By David Anderson, Tillicum
Lakewood City Manager Andrew Neiditz writes in his column in “Connections” – the Fall, 2012 Newsletter and Recreation Guide just delivered to mailboxes throughout the city – that “integrity stand(s) for telling the truth (and) reminds us of the commitment we have to each other to hold us all to a very high ethical standard.”
Neiditz illustrates as follows: “In a recent and very unfortunate case where one of our police officers was arrested by federal authorities and charged with serious crimes, I was able to feel pride in the integrity of our police department because it was our own internal effort that brought the case to light.”
Good word, integrity. Stephen L. Carter, the William Nelson Cromwell Professor of law at Yale University, has a book by that title. Carter is persuaded that “nothing but an all-out effort to demand integrity of our political leaders will preserve democracy.”
Integrity however can describe certain models of cars, windows and doors manufacturers, and it’s even the name of an organization working to include LGBT people in all the sacraments of the church.
Integrity, Carter points out, actually “comes from the same Latin root as integer (conveying) the sense of wholeness, undivided, completeness”.
In other words, the whole truth and nothing but the truth.
OK, then if in fact it was the “integrity of (the Lakewood) police department’s (LPD) own internal effort that brought the case to light” why then does the LPD refer “all further questions or inquiries to the Pierce County Prosecutor’s Office or the Tacoma Police Department”?
“The case” to which Neiditz refers – and which the LPD defers – in this case concerns former LPD officer Skeeter Manos, arrested, again, this time charged with identity theft and forgery for allegedly stealing an accountant’s identity to try and cover up his original crimes of stealing money from a charitable fund and embezzling cash from a fellow officers’ account – the Lakewood Police Independent Guild (LPIG) – for which he was treasurer.
But the former President of LPIG, Brian Wurts, was charged by his replacement Eric Bell as having – along with Manos – repeatedly “thwarted” requests to review guild accounts. And furthermore the TNT reported in the same article that Wurts also – as part of the FBI investigation of Manos – was under scrutiny by the federal agency for possible complicity for which Wurts resigned his position as LPIG President and was placed on administrative leave.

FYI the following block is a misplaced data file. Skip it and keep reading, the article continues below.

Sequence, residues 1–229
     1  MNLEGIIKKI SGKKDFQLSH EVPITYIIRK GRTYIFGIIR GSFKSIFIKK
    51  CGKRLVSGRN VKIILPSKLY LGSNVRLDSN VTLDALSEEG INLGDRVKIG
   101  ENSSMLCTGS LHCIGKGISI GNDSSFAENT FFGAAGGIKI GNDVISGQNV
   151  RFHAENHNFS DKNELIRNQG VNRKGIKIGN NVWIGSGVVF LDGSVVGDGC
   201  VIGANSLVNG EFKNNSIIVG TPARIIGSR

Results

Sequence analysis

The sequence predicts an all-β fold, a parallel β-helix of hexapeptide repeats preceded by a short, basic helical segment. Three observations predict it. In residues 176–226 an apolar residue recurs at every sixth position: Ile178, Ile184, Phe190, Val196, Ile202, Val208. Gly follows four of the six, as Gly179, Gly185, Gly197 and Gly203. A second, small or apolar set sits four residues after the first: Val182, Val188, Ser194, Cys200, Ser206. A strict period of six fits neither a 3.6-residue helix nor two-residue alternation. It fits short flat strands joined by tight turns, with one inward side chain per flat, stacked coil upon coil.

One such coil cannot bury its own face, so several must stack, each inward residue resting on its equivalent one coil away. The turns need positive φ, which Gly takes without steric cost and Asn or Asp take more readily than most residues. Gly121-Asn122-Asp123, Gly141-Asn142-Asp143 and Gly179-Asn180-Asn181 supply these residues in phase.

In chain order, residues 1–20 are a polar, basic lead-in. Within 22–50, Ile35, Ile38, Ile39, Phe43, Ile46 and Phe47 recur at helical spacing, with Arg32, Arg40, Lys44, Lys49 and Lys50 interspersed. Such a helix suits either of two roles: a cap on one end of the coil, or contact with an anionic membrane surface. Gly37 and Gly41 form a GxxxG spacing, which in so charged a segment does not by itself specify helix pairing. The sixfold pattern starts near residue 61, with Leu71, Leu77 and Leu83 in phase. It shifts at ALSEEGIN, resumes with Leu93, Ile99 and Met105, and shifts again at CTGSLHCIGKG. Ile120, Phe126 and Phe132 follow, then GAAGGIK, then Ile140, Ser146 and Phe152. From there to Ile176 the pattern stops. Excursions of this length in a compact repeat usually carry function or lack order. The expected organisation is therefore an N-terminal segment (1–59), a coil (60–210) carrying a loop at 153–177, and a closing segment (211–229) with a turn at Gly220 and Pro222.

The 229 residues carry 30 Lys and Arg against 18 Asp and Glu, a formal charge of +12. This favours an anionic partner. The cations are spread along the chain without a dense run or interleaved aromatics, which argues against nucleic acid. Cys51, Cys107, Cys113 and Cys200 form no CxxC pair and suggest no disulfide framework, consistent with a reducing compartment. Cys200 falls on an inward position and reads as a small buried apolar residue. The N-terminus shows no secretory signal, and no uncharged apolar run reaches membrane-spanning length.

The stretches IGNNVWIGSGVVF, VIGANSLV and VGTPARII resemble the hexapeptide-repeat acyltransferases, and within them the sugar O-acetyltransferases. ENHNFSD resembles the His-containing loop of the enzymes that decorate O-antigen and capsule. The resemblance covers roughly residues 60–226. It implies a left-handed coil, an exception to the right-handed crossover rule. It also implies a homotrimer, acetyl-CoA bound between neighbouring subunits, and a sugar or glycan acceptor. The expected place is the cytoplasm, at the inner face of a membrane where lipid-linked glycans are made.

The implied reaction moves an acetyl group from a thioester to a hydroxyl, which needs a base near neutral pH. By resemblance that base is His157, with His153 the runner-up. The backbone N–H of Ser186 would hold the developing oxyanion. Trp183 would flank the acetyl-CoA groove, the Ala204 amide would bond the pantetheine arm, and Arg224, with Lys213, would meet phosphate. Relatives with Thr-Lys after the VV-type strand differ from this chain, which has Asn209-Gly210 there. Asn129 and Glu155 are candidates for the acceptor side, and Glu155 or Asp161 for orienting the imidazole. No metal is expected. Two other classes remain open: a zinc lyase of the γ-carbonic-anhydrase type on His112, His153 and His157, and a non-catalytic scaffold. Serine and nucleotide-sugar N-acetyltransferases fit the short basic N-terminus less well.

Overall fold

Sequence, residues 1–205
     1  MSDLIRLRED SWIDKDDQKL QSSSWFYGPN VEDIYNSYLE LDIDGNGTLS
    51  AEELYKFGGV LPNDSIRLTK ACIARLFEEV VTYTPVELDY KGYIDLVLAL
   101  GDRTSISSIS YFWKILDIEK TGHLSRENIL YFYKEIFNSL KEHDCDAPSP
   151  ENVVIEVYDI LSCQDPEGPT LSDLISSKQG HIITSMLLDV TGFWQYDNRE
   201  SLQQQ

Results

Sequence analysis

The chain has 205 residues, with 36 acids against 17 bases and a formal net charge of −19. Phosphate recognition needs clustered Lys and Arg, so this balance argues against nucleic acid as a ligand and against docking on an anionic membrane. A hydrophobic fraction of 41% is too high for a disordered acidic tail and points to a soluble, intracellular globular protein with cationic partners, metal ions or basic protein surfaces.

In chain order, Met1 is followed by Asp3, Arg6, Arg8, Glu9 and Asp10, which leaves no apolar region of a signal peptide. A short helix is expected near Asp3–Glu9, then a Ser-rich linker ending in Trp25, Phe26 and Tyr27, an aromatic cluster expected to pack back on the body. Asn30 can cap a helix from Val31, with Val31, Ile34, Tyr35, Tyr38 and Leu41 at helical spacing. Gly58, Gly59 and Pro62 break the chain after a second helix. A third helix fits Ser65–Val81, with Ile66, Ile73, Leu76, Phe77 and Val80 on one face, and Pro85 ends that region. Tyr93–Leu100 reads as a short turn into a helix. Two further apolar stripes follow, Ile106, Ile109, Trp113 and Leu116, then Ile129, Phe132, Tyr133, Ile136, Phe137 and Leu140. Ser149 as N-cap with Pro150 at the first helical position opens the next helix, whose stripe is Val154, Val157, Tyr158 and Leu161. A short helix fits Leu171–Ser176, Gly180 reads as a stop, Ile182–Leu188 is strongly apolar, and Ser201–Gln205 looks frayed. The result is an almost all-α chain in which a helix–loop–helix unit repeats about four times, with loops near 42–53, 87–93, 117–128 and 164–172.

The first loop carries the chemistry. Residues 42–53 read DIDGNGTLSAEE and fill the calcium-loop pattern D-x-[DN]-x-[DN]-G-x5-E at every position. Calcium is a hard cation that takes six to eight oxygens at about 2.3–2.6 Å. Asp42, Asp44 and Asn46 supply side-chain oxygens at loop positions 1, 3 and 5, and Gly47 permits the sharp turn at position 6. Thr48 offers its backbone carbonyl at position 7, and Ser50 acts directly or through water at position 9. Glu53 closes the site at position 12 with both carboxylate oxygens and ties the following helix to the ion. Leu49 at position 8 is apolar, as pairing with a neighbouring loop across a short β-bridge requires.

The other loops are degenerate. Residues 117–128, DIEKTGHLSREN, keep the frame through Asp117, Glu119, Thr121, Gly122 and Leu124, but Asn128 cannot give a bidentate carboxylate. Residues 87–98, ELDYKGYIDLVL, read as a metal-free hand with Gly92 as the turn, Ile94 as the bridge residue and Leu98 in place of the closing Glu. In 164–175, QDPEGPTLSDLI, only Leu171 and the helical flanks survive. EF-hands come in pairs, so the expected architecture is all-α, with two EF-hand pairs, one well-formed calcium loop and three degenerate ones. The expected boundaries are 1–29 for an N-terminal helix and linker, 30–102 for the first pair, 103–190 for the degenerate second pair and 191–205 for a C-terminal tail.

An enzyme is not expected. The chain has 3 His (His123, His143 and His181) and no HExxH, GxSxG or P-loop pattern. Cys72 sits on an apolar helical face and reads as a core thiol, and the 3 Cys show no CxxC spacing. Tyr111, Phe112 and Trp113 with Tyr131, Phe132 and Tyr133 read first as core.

That was mid-February. It is now mid-September.
So where’s Wurts?
Was Wurts’ involvement plea-bargained away along with Manos’ confession of having taken the guild’s money?
Does the public’s right to know – citizens who pay taxes to pay police officer’s salaries – trump government’s tendency not to divulge information?
Walter Neary, who served on the Lakewood City Council from 2004 through 2011 and is a board member of the Washington Coalition for Open Government, recently answered that question with a different scenario. Neary wrote, “the state Supreme Court had to weigh in recently on a case involving an accident victim demanding traffic records in Seattle. The state tried to claim the records were part of a federally protected database, but thankfully the justices recognized that an open government is . . . well, open.”
As Michael Keelin wrote in the Lakewood Patch on this matter, “Full accountability and disclosure should be made available. I cannot believe that a fund which is a charitable account would not have more checks and balances. Mr. Manos acted alone without any oversight?”
And a commenter in the TNT even poignantly suggested that “until the true and detailed facts regarding parties involved are released this incident will continue to dishonor those who died and their families.”
Or in other words, until integrity is demonstrated.